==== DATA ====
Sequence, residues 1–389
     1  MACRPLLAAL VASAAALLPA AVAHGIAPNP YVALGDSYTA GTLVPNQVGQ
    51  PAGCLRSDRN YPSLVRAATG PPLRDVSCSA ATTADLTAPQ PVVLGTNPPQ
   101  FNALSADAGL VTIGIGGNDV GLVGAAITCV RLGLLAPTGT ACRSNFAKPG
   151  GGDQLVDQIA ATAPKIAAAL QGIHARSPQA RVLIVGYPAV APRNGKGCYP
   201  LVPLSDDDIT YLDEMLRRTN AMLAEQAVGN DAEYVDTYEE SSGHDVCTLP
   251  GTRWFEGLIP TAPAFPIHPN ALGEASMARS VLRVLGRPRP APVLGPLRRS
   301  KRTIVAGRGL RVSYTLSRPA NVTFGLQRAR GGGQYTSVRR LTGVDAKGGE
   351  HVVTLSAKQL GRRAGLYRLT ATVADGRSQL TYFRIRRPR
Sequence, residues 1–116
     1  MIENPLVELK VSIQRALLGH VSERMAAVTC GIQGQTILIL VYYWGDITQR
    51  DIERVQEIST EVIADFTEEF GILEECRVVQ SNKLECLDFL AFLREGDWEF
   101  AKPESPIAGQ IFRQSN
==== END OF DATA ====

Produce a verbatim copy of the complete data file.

Sequence, residues 1–389
     1  MACRPLLAAL VASAAALLPA AVAHGIAPNP YVALGDSYTA GTLVPNQVGQ
    51  PAGCLRSDRN YPSLVRAATG PPLRDVSCSA ATTADLTAPQ PVVLGTNPPQ
   101  FNALSADAGL VTIGIGGNDV GLVGAAITCV RLGLLAPTGT ACRSNFAKPG
   151  GGDQLVDQIA ATAPKIAAAL QGIHARSPQA RVLIVGYPAV APRNGKGCYP
   201  LVPLSDDDIT YLDEMLRRTN AMLAEQAVGN DAEYVDTYEE SSGHDVCTLP
   251  GTRWFEGLIP TAPAFPIHPN ALGEASMARS VLRVLGRPRP APVLGPLRRS
   301  KRTIVAGRGL RVSYTLSRPA NVTFGLQRAR GGGQYTSVRR LTGVDAKGGE
   351  HVVTLSAKQL GRRAGLYRLT ATVADGRSQL TYFRIRRPR
Sequence, residues 1–116
     1  MIENPLVELK VSIQRALLGH VSERMAAVTC GIQGQTILIL VYYWGDITQR
    51  DIERVQEIST EVIADFTEEF GILEECRVVQ SNKLECLDFL AFLREGDWEF
   101  AKPESPIAGQ IFRQSN